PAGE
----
A man accused of setting a Melbourne factory alight and murdering three people inside it was depressed, a Melbourne court heard on Friday.
Darren Patrick Clover, 52, was due to face court charged with three counts of murder and arson causing death.
But he failed to appear on Friday morning, with a lawyer appearing on his behalf during his filing hearing at the Melbourne Magistrates’ Court, reported AAP.
Victoria Police said Clover was remanded to appear at the Melbourne Magistrates Court late on Friday.
Three bodies believed to be of squatters were discovered by firefighters after they extinguished flames in an old Footscray rope works factory at 11.30pm on Wednesday.
Legal Aid lawyer Katie Powell told the court on Friday there were significant concerns that Clover might harm himself in custody.
She requested a mental health assessment be done.
She told the court Clover had a formal diagnosis of depression and was on prescription medication.
Ms Powell did not give a reason why Clover decided to stay in the cells rather than appear in court.
She did not apply for bail.
Clover was arrested in Melbourne’s CBD late on Thursday afternoon.
The three bodies found inside the factory are yet to be identified, but police believe the victims were two men and a woman.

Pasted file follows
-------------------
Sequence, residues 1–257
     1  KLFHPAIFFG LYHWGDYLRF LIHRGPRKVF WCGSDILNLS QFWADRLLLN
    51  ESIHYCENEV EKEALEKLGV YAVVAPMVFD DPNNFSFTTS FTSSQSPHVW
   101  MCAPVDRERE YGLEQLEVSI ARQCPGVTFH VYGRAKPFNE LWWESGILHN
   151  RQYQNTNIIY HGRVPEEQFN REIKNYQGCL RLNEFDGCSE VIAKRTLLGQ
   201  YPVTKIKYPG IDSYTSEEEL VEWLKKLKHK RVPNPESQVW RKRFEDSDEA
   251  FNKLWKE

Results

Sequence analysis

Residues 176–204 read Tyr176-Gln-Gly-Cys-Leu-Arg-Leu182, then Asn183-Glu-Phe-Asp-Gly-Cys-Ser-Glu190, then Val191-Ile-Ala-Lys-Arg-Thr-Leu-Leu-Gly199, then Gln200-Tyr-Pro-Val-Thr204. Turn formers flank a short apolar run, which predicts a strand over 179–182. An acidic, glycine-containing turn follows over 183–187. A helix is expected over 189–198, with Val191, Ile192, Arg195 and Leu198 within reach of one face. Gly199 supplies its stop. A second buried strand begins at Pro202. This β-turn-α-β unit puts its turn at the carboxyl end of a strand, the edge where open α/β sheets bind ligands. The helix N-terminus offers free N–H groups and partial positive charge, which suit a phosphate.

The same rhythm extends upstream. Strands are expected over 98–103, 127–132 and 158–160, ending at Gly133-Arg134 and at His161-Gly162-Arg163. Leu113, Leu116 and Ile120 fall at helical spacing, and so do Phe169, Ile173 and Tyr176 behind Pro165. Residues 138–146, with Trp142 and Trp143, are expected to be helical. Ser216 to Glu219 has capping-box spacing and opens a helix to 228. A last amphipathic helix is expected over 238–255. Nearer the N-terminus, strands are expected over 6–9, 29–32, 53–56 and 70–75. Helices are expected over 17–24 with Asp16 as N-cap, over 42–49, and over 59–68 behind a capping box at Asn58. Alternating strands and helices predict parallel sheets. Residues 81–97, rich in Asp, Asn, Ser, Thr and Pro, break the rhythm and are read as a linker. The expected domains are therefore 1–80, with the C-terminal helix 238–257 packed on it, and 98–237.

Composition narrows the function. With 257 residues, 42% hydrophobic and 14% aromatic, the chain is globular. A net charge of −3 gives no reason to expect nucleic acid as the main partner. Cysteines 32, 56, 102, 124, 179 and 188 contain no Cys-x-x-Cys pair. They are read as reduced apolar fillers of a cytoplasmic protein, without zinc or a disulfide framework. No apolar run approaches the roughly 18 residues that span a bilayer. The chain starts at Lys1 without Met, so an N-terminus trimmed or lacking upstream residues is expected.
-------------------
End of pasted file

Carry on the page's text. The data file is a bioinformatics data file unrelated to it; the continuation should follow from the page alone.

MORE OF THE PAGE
Earlier on Thursday, Detective Senior Sergeant Brad Nichols said police did not yet know what started the blaze.
“We have spoken to a number of neighbours and we are still collecting more information and we’re trying to find more witnesses,” he said.
‘Screams’ heard as residents tried to douse flames
The factory is also near Footscray City College, a secondary school, and the principal and police had previously tried to move the squatters on.
Another local told the ABC that homelessness was an issue in the area, and a separate camp had been set up at nearby Quarry Park.
Ari Mangidi lives behind the factory and said several neighbours tried desperately to put the fire out.
“They [brought] water with just a small bucket. I think anything they had to bring water [in], they [brought],” he said.
On Friday, police asked the court for more time for the hand-up brief to be complied with, considering the complexity of the investigation and the severity of the alleged crimes, reported AAP.
Police will also format CCTV footage related to the incident and will be lodging forensic and DNA evidence for analysis, the court heard.
Readers seeking support and information about suicide prevention can contact Lifeline on 13 11 14.
MensLine Australia 1300 78 99 78.
– with AAP/ABC